Managing sudden onset severe headache in the Emergency Department
By: Ros Wade, Research Fellow at the Centre for Reviews and Dissemination, University of York
I have recently finished a research project which aimed to establish an effective and acceptable plan for the care of patients who go to hospital Emergency Departments with a sudden onset severe headache. The research team included researchers from the Centre for Reviews and Dissemination, doctors in emergency medicine, acute medicine and neurology at Leeds Teaching Hospitals NHS Trust, and a patient collaborator with experience of presenting to the Emergency Department with a sudden onset severe headache. An advisory group including additional patients and doctors was also involved throughout the project.
Sudden onset severe headache
Approximately 2% of all patients who attend an Emergency Department do so with a history of significant headache. A small proportion of these patients will provide a history that it came on suddenly. Sudden onset severe headaches can be diagnosed as a migraine or other type of headache. However, when severe headaches come on instantly, often described as feeling like a ‘thunderclap’, they can be a sign of a more serious medical condition such as subarachnoid haemorrhage (SAH).
SAH occurs when a weakened blood vessel supplying the brain suddenly bursts. This can lead to disability or death if not diagnosed and treated quickly, but diagnosis can be difficult in people who don’t show signs other than headache. Very few people who go to hospital with headache are diagnosed with SAH and many SAH patients have other symptoms in addition to headache.
Patients who go to an Emergency Department with a sudden onset severe headache (where SAH may be suspected) are given a brain scan. This is often followed by a lumbar puncture (where a sample of fluid is taken from the spine) if the brain scan is normal, to make sure a SAH hasn’t been missed.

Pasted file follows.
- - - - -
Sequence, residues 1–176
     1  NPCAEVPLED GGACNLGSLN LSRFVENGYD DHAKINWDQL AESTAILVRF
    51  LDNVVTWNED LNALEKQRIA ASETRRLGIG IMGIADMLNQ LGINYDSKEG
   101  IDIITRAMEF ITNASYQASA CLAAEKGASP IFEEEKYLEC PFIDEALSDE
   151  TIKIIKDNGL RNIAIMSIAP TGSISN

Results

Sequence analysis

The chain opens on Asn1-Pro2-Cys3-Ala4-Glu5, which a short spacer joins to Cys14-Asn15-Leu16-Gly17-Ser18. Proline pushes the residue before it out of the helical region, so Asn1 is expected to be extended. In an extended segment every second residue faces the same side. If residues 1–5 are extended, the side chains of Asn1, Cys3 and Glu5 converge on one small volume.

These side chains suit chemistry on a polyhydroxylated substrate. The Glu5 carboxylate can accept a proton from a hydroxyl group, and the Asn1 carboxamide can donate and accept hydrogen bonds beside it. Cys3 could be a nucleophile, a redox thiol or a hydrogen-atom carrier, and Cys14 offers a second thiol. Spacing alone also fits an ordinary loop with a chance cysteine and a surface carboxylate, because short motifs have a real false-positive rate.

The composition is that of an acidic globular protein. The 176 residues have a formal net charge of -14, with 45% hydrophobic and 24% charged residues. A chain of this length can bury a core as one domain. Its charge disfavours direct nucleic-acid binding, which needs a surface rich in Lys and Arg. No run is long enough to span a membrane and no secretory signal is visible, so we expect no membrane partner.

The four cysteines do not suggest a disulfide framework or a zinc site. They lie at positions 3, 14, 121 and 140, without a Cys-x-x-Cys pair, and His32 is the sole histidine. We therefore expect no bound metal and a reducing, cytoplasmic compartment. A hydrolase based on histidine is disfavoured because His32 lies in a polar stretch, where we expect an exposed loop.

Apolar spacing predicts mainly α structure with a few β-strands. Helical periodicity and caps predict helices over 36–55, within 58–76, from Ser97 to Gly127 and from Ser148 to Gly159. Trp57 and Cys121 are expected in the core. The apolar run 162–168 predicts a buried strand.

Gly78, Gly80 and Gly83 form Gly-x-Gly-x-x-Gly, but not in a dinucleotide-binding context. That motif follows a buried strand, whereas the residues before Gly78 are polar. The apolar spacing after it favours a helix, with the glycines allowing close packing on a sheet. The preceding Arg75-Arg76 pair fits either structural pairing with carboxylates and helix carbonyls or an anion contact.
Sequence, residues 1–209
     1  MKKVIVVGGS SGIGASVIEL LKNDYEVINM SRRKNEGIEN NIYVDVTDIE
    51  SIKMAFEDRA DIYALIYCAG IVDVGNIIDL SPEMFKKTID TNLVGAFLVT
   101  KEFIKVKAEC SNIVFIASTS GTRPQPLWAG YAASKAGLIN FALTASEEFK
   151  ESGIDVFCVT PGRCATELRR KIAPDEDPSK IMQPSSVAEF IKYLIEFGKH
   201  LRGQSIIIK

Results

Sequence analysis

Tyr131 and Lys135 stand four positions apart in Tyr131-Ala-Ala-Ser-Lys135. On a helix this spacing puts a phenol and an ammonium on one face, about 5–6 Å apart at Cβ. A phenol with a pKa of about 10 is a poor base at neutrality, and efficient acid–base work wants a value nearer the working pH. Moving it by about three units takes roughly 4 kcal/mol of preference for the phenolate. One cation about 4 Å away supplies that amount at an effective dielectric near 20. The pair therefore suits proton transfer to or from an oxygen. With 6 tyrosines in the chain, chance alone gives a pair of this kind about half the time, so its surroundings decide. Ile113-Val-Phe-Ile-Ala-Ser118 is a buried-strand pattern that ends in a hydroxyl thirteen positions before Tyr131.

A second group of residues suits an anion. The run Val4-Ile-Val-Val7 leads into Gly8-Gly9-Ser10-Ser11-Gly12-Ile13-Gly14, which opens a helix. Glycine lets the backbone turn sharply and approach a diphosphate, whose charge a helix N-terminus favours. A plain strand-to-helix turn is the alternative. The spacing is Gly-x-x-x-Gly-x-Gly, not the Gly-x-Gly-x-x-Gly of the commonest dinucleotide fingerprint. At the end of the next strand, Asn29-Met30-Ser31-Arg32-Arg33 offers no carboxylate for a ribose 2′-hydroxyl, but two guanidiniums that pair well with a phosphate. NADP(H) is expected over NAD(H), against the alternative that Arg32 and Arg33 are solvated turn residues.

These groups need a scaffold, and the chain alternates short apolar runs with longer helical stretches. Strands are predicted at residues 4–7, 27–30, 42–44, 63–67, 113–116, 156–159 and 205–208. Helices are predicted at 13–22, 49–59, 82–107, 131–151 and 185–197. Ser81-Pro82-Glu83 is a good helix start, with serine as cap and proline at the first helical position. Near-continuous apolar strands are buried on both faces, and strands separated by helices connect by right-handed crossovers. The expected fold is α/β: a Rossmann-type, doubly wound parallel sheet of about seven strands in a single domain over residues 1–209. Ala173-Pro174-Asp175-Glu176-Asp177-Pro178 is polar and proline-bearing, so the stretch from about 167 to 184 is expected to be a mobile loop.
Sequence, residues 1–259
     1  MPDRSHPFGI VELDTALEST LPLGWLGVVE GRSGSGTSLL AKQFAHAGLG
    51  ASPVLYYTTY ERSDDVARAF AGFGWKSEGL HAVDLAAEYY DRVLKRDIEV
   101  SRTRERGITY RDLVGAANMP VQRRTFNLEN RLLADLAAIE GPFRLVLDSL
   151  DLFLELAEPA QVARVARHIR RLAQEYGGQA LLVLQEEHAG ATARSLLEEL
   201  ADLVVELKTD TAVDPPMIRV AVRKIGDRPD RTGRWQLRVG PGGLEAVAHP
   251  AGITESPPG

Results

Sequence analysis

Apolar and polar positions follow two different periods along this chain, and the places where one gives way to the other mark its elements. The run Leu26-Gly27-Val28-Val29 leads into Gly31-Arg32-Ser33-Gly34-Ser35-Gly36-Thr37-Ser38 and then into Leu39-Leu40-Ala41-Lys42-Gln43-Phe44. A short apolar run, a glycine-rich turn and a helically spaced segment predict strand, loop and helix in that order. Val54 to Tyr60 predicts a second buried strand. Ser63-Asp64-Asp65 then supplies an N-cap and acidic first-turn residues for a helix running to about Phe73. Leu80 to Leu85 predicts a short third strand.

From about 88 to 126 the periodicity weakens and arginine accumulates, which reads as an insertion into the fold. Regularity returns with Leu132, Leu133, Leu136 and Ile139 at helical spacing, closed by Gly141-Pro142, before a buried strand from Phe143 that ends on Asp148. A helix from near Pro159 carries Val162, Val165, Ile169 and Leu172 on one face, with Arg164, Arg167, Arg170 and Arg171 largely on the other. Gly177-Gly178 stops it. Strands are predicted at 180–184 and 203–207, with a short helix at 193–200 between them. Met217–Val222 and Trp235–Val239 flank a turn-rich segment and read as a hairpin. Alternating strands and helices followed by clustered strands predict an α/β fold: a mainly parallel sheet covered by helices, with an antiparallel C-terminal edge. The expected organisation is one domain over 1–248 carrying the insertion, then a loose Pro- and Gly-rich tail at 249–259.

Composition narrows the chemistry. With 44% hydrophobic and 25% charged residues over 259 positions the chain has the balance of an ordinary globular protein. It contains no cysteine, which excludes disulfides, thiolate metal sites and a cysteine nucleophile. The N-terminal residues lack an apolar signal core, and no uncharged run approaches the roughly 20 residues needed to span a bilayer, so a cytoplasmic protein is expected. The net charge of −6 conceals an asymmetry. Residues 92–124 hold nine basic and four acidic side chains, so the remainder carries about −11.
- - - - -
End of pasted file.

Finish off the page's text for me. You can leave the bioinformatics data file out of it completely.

What we looked at
We reviewed all previous research looking at clinical decision rules and diagnostic tests for assessing patients with a sudden onset severe headache.
What we found
We found 37 studies on the accuracy of clinical decision rules and diagnostic tests for ruling out SAH in people who go to hospital with a sudden onset severe headache. Our results showed:
- The Ottawa SAH clinical decision rule (Perry et al., 2013) was not very good at ruling out SAH, and using it could result in around 75% of headache patients being tested unnecessarily. There were no studies of other clinical decision rules for SAH. Clinical advisors indicated that a variety of different clinical decision rules are used in the NHS for deciding which patients require diagnostic tests for SAH.
- Brain computed tomography (CT) scans done within six hours of headache onset may be accurate enough to find all cases of SAH without the need for more testing. When assessed by radiologists who routinely read brain images, CT within six hours was over 99% accurate. However, accuracy drops considerably over time, meaning that it may be necessary to have more tests (usually lumbar puncture) if the brain scan is not done soon after headache onset.
- Lumbar puncture after CT finds any missed cases of SAH (as well as other serious conditions, such as stroke, cancer and meningitis), but 5% of results were false positives (leading to further tests), and 5-10% of patients who had a lumbar puncture returned to hospital with side effects.
The decision to do more tests to rule out SAH after a negative CT scan result should be shared between the doctor and the patient, after a discussion about the potential risks and benefits of the tests.
What does this mean for patients with migraine and other types of primary headache?
Our research findings should mean that fewer patients who go to hospital with primary headaches are given a lumbar puncture to rule out SAH after having a negative CT scan, particularly if the scan is done soon after the headache started.
If you’d like to know more about this research, the full report for this research project can be found on the Centre for Reviews and Dissemination website.
This project is independent research funded by the National Institute for Health Research (NIHR) under its Research for Patient Benefit (RfPB) Programme (grant reference number NIHR200486). The views expressed are those of the authors and not necessarily those of the NIHR or the Department of Health and Social Care.